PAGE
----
really_all_weapons = Weapon.objects.all_family()

This result now contains both Weapon and Cannon instances (and any other entities whose typeclasses inherit at any distance from Weapon, like Musket or Sword).

To limit your search by other criteria than the Typeclass you need to use .filter (or .filter_family) instead:

roses = Flower.objects.filter(db_key="rose")

This is a queryset representing all flowers having a db_key equal to "rose". Since this is a queryset you can keep adding to it; this will act as an AND condition.

local_roses = roses.filter(db_location=myroom)

We could also have written this in one statement:

local_roses = Flower.objects.filter(db_key="rose", db_location=myroom)

We can also .exclude something from results

local_non_red_roses = local_roses.exclude(db_key="red_rose")

It’s important to note that we haven’t called the database yet! Not until we actually try to examine the result will the database be called. Here the database is called when we try to loop over it (because now we need to actually get results out of it to be able to loop):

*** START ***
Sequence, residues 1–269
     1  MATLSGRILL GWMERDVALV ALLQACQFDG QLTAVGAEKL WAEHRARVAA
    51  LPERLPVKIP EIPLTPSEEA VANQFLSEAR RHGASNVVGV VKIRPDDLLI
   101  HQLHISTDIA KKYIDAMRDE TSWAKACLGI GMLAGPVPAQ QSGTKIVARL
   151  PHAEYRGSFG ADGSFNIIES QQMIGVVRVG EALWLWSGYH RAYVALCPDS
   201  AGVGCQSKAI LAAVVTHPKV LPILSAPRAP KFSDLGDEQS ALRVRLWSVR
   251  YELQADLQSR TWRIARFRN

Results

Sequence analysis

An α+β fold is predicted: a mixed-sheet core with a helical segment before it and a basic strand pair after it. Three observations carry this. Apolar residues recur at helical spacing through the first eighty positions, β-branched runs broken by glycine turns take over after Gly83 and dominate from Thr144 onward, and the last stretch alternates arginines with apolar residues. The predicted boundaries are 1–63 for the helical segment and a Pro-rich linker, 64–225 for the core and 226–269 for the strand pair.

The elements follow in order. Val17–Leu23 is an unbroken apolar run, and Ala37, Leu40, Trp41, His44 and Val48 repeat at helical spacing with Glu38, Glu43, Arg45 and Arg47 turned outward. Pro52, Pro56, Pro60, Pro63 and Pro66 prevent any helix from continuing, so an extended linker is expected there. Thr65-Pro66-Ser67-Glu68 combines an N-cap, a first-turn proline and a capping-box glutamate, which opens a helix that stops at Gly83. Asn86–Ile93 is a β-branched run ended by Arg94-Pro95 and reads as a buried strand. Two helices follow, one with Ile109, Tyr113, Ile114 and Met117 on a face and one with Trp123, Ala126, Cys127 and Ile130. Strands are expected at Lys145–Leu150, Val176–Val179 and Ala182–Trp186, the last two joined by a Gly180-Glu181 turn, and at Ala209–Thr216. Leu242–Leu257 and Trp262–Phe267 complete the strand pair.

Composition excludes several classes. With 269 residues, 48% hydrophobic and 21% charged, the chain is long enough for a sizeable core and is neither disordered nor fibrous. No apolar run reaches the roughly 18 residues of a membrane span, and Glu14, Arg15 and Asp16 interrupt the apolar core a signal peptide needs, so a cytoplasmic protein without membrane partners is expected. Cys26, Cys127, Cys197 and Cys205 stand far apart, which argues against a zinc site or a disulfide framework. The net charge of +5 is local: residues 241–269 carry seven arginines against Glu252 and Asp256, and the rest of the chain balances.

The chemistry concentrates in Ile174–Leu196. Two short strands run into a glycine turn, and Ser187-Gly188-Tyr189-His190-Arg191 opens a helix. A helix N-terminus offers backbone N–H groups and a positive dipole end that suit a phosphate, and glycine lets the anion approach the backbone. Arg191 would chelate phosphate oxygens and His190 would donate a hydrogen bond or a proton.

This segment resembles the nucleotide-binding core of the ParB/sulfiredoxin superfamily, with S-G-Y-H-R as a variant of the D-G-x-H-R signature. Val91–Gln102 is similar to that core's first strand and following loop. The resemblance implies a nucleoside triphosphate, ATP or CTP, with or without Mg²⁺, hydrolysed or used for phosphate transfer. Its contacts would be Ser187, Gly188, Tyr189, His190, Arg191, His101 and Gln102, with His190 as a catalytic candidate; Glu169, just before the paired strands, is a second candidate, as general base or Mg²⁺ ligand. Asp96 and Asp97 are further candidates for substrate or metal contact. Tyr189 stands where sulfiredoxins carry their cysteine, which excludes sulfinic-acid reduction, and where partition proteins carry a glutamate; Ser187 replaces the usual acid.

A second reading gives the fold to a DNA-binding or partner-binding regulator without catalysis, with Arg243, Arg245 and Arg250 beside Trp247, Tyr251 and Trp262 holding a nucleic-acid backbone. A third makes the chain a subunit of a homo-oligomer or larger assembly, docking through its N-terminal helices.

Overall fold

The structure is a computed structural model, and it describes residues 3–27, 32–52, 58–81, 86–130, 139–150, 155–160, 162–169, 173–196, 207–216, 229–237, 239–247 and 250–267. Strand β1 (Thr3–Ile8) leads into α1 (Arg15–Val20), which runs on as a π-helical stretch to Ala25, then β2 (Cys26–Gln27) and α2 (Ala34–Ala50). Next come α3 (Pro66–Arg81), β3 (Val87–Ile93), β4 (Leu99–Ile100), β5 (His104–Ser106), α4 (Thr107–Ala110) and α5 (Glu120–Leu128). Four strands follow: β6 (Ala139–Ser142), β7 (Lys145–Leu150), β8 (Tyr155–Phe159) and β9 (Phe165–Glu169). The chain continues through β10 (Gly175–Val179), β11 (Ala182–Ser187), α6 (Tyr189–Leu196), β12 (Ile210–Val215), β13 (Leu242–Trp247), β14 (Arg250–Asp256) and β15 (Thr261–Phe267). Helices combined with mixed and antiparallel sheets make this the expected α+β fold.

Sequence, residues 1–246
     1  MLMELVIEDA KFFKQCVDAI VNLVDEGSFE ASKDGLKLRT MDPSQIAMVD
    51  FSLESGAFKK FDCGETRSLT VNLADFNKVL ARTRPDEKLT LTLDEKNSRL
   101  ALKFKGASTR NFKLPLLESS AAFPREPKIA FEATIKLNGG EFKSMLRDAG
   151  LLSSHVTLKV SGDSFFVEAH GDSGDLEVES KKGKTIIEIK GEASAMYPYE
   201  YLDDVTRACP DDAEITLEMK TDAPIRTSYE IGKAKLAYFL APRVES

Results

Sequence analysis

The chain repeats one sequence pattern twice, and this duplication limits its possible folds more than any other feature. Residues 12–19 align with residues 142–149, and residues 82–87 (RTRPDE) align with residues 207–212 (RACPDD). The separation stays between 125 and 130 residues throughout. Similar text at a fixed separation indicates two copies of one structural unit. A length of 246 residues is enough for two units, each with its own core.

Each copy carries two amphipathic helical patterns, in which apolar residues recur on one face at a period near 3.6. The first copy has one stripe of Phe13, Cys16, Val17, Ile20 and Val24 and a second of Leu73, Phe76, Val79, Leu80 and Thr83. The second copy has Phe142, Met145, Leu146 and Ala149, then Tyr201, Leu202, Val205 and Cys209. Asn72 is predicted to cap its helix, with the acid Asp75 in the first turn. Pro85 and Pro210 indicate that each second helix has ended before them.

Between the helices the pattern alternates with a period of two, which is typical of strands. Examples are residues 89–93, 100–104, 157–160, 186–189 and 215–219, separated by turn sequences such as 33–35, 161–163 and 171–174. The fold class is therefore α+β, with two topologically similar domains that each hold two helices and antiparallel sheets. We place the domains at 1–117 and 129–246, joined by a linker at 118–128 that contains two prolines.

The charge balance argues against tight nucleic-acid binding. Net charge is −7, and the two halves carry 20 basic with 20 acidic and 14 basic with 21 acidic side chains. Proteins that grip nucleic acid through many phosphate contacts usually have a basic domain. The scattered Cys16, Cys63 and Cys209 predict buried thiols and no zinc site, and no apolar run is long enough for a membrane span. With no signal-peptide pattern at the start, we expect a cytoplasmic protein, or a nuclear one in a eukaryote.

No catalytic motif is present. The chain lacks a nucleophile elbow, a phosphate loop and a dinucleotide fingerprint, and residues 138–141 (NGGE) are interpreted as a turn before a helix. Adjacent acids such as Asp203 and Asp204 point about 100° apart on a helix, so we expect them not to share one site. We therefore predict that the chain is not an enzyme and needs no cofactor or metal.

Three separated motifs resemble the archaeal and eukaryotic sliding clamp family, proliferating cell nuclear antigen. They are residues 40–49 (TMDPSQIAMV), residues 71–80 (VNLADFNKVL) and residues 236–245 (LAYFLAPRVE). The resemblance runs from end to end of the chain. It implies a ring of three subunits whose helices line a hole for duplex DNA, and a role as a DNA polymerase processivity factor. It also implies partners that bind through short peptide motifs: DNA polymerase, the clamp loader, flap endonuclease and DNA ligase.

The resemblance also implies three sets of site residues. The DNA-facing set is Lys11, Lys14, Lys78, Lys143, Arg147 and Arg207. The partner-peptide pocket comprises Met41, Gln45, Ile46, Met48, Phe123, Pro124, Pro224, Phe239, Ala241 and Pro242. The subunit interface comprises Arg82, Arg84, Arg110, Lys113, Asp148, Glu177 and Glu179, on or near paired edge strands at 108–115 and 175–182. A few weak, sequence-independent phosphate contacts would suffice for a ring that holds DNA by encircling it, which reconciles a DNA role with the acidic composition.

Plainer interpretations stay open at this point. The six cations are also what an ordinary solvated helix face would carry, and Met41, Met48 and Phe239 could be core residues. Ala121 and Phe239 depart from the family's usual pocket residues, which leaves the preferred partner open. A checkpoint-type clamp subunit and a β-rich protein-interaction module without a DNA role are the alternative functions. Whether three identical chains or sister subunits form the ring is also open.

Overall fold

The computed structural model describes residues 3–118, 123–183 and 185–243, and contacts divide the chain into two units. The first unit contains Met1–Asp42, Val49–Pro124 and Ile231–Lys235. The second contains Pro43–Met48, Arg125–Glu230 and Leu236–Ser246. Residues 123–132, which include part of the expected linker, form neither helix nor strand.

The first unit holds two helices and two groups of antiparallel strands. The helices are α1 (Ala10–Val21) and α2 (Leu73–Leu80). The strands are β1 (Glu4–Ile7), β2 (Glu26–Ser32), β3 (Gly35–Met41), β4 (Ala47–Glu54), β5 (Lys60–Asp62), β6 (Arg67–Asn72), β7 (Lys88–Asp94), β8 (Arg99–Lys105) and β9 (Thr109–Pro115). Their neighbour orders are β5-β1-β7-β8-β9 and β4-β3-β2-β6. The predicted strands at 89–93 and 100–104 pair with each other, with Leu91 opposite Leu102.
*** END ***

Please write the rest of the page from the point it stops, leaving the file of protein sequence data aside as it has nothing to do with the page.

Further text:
for rose in local_non_red_roses:

From now on, the queryset is evaluated and we can’t keep adding more queries to it - we’d need to create a new queryset if we wanted to find some other result. Other ways to evaluate the queryset is to print it, convert it to a list with list() and otherwise try to access its results.

Note how we use db_key and db_location. This is the actual names of these database fields. By convention Evennia uses db_ in front of every database field. When you use the normal Evennia search helpers and objects you can skip the db_ but here we are calling the database directly and need to use the ‘real’ names.

Here are the most commonly used methods to use with the objects managers:

  • filter - query for a listing of objects based on search criteria. Gives empty queryset if none were found.

  • get - query for a single match - raises exception if none were found, or more than one was found.

  • all - get all instances of the particular type.